The Fringe: from Rasputin to Alzheimer’s

Sunday Independent (Ireland) - Living - - THEATRE -

Emer O’kelly re­views a ran­dom, drama-based se­lec­tion from the Dublin Fringe Fes­ti­val

Var­i­ous pro­duc­tions and venues en­tice­ment into ever more sleazy and dan­ger­ous en­coun­ters. And then there’s refuge back with mum in Dublin’s sub­ur­bia.

Bren­nan doesn’t posit any re­flec­tions on those who aren’t so lucky, al­low­ing her moral­ity tale to speak for it­self. And along the way she kicks mu­si­cal ass with her own ter­rific songs, com­posed in her pop per­sona of Miss Kate, with orig­i­nal mu­sic by Math­man, and DJ Hand­some Paddy on turnta­bles. It’s a cracker, di­rected at fiery speed by Sarah Bren­nan.

The four char­ac­ters are Pros­pero (who takes a header off a cliff, is pre­sumed dead, and then re­turns to play gui­tar), his daugh­ter Mi­randa who thinks she has a right to achieve any­thing with­out ei­ther ef­fort or tal­ent (ex­cept that when she does fi­nally strut her stuff in a se­ries of fairly ter­ri­ble punk num­bers, she does dis­play a ter­rific voice); and Pros­pero’s two as­sis­tants, Ariel who can fly, and there­fore ob­serve, although s/he has a marked dis­in­cli­na­tion to re­port the truth); and Cal­iban, the dopey orig­i­nal in­hab­i­tant of the is­land. That’s your lot, baby: their di­a­logue (end­less) con­sists in per­suad­ing them­selves and each other that to say it is to be it.

“We have a band,” Mi­randa tells her fa­ther although none of them has ever picked up an in­stru­ment, and there is a lengthy se­quence when they re­peat pos­si­ble band names to each other with­out man­ag­ing to fix on one.

But then, “there’s no such thing as magic…only metaphor” and you can “find your Ar­ca­dia: it does ex­ist”. All very mil­len­nial, and a recipe for life­long dis­con­tent un­less ac­com­pa­nied by a bit of sus­tained hard work, per­haps.

It’s an Abbey and Fringe pro­duc­tion on the Pea­cock stage, di­rected quite slickly by Maeve Stone, and fea­tur­ing Fion­nu­ala Gy­gax, Ian Toner, Pom Boyd and Bryan Quinn.

Life’s a funny thing, even when it’s not, seems to be the core mes­sage of Kick­ing All the Boxes, Liz Fitzgib­bons’s one-woman play on the Show in a Bag pro­gramme in the Fringe (at Bew­ley’s Pow­er­scourt.).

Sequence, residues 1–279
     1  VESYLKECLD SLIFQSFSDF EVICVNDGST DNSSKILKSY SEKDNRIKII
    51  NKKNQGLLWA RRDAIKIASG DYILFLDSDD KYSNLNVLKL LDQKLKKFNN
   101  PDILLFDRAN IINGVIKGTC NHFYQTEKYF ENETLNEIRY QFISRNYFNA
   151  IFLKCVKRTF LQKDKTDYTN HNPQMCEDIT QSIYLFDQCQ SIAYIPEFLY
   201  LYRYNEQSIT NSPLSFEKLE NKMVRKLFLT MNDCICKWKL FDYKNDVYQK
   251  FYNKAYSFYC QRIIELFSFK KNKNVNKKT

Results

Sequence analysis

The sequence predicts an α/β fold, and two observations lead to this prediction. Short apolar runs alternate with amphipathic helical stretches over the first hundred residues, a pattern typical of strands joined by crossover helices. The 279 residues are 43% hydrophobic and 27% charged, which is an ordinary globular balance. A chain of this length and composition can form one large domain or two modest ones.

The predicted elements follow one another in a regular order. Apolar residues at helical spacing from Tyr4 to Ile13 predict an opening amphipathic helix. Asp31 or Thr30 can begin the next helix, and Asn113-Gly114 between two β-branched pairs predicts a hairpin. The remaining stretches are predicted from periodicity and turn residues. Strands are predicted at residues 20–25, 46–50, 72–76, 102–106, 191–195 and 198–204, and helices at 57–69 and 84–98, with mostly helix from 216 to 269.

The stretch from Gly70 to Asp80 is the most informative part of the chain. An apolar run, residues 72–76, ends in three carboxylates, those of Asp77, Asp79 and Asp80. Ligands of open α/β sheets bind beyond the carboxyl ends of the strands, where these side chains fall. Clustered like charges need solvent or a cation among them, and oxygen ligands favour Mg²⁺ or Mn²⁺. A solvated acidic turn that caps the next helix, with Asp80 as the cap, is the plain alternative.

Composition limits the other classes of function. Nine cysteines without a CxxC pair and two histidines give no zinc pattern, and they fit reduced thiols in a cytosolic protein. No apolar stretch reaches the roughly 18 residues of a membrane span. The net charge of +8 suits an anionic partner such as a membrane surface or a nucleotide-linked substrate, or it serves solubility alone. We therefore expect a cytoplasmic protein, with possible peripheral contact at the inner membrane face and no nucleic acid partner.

In­ter­spersed with flash­back im­ages of the re­al­ity of life as she lived it, Naoise is cel­e­brat­ing her 30th birth­day. She’s hav­ing fun, and there’s hope in­her­ent in her meet­ing in a club with Aus­tralian Bruce who needs to “man up” by get­ting rid of his wet­suit when they de­cide to go swim­ming in Dublin Bay.

But then, Naoise’s tough: she’s a kick-box­ing cham­pion and has a 12-year-old son whom she’s rear­ing on her own. So she hasn’t had it easy, and part of the prob­lem has been that her kick-box­ing ex­per­tise has flowed be­yond the ring into her per­sonal life. She has rea­son: im­ages flash of her tiny Gran, beaten to a pulp in her own house when she begged a three-man gang of louts not to steal the tele­vi­sion set she had bought for her grand­chil­dren’s Christ­mas present. Naoise wasn’t go­ing to let that pass, and “so­ci­ety” de­manded she paid the price.

‘In the 21st cen­tury we have peni­cillin and the wel­fare state, so things end rea­son­ably hap­pily’

And then there was “him”: he never “laid a hand on her; he didn’t have to”. And how, she won­ders, could you love some­one you were afraid of ? The play is an imag­i­na­tive kalei­do­scope of what has be­come ev­ery­day life for whole sec­tions of the pop­u­la­tion, fre­netic, fa­mil­iar with vi­o­lence, and with what seems like a nec­es­sary as­sump­tion of a cara­pace of ag­gres­sion to deal with a suc­ces­sion of threats, some imag­ined, many real. In other words, it’s ugly but sal­vaged by Laoise’s lov­ing and naive heart at­tempt­ing to shine through. Fitzgib­bon per­forms with pas­sion­ate in­ten­sity, di­rected with full im­pact by Aonghus Og Mcanally (it’s been de­vel­oped in co-op­er­a­tion with Mikel Murfi), but over­all the piece could do with some dra­maturgy to tighten its cross-im­agery.

Theatre­go­ers have of­ten been here be­fore: to wit­ness the tragedy of Alzheimer’s dis­ease doc­u­mented in a stage play. That’s the prob­lem: on stage it be­comes doc­u­men­tary, not drama, as repet­i­tive as the be­wil­dered, wan­der­ing mind of the loved one los­ing them­selves cell by cell, un­til even their fa­mil­iar bod­ies be­come alien build­ings to those who help­lessly watch the de­cay.

Take Off Your Corn­flakes by Rose Hen­der­son and Pat Nolan, also part of the Show in a Bag ini­tia­tive at the Fringe Fes­ti­val, has it all: the ini­tial jok­ing ref­er­ences to los­ing one’s mar­bles; the in­creas­ing ir­ri­ta­tion at seem­ing thought­less­ness; the ter­ror at find­ing the world alien; the an­guish of the dark cloud of ir­ra­tional sus­pi­cion of name­less be­tray­als, all cul­mi­nat­ing in a once pas­sion­ately and deeply loved com­pan­ion be­com­ing merely a mind­less cloud, and for the one who has re­treated, what can only be hoped is a pain­less nir­vana of loss. The two au­thors play Trish and her taxi-driver hus­band Tommy to perfection, di­rected by Liam Hal­li­gan with mu­sic by De­nis Clo­hessy. It’s de­press­ing, sober­ing, and hor­ri­bly, in­creas­ingly fa­mil­iar.

Clock­wise from top left, Liz Fitzgib­bon in Kick­ing All the Boxes; Kate Stan­ley Bren­nan in Walk For Me; Ev­ery­thing Not Saved; Rose Hen­der­son and Pat Nolan in Take

Fion­nu­ala

Off Your Corn­flakes; Gy­gax in The Shit­storm

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